In a recent press conference, Colorado governor Jared Polis outlined the reasoning behind prioritizing pre-K-12 over higher education workers, explaining that elementary-aged children, in particular, "have difficulty getting the academic mastery they need through online education."

Polis added that the need for parents to support their children in learning online has "led to many parents having to drop out of the workforce, cut back their hours and put their economic security at risk. We already have seen that remote learning in pre-K-12 has already hurt participation of women in the workplace as well. It has negative effects on the mental and physical health of children."

"And of course to some extent all of these same issues affect higher education, but we do know that a 20-year-old is able to safely learn from home by themselves in a way that a 7-year-old simply can’t," Polis said.

Matthew Harvey, director of legislative affairs for the University of Colorado Boulder's Graduate and Professional Student Government, said that Polis's explanation "fails to consider some key points about higher education in the state of Colorado. Firstly, that the university system is continuing to promote a return to in-person instruction later this month, and will be returning undergraduate students to on-campus housing.

"As we return to in-person instruction, the burden for providing in-person instruction will fall on graduate student workers and pretenured faculty who have minimal job security, little to no bargaining power or union representation, have large teaching loads that create high work volumes and multiple classrooms (i.e., possible infection sites), and relatively little health insurance coverage should they contract severe infection," Harvey said.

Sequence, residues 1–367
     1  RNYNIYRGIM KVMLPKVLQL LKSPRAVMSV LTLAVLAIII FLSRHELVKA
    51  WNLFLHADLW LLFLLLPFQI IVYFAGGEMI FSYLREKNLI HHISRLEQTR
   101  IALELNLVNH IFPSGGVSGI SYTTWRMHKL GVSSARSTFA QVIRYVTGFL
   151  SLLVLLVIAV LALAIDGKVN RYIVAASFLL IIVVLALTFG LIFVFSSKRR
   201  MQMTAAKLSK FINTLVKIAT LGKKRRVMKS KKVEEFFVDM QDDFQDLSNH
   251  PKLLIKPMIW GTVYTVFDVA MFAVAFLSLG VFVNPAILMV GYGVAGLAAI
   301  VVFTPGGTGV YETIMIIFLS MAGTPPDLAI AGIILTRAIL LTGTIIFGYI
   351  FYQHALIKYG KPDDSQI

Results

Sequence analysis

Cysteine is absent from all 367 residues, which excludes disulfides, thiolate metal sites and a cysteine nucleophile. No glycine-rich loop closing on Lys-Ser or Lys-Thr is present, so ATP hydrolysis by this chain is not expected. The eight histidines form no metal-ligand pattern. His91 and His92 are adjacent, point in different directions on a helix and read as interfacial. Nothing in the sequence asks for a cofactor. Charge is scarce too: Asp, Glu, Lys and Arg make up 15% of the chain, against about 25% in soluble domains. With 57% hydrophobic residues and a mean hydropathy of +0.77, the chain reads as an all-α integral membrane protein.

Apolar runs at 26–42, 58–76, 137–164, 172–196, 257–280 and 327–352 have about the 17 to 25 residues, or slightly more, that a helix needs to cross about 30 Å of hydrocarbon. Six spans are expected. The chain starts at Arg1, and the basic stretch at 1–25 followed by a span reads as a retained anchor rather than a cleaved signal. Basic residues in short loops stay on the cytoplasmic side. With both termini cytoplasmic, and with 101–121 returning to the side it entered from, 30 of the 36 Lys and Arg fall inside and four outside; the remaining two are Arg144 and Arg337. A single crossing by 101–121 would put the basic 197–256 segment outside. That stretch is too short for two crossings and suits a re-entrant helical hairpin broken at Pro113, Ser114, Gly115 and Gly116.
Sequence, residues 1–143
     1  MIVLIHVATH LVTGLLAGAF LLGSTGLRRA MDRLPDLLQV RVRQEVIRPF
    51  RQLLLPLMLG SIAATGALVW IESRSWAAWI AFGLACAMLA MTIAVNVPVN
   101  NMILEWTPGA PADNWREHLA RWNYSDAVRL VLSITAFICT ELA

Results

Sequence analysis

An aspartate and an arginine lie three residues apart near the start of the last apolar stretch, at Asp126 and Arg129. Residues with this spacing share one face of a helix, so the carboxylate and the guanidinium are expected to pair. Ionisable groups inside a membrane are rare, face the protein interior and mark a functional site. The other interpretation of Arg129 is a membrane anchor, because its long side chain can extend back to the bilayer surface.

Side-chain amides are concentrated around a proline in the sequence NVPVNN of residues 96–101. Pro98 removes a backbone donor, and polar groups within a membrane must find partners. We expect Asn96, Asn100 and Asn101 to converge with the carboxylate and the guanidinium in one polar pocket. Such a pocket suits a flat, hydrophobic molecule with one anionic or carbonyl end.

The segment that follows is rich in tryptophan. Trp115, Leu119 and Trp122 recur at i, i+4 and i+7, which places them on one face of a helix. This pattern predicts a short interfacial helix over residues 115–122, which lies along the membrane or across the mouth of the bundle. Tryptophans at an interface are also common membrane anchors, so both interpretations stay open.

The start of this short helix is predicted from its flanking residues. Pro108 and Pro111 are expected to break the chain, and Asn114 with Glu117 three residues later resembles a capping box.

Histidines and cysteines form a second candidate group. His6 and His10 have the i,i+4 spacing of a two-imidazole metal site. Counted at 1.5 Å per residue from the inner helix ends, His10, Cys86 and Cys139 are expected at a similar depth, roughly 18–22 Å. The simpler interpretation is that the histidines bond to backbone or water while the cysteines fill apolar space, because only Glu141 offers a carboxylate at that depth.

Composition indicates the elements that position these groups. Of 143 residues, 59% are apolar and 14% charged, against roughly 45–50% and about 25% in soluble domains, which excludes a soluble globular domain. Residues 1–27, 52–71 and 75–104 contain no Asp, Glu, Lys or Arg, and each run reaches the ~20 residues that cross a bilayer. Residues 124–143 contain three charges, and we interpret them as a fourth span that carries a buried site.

Monica Fuglei, the chair of the English department at Arapahoe Community College in Colorado, believes higher education workers who have to work on campus deserve the same protections the state is giving K-12 educators.

"I think the initial perception was that higher education can move to a remote learning environment and can do so easily, but if you look at the degrees and certificates that my school provides, it's incredibly difficult for some of our students to move to a remote learning environment," Fuglei said.

"That perception that what we do we’re always able to do from a distance includes the belief that all of our students have internet, that all of our students have computers, that they don’t have needs that are difficult to attend to through the internet, that they’re not hungry, that they're not homeless," Fuglei said. "Our students are those things. They struggle with internet, they struggle with access, they struggle with online classes, they struggle with food, they struggle with housing, and all of those things have gotten worse during the pandemic, and so for us to serve students has become very difficult."

Hard Choices and Questions of Privilege

With quantities of COVID vaccines remaining highly limited, and viral transmission remaining at very high levels throughout the country, individual states have had to make hard choices about who gets vaccinated first.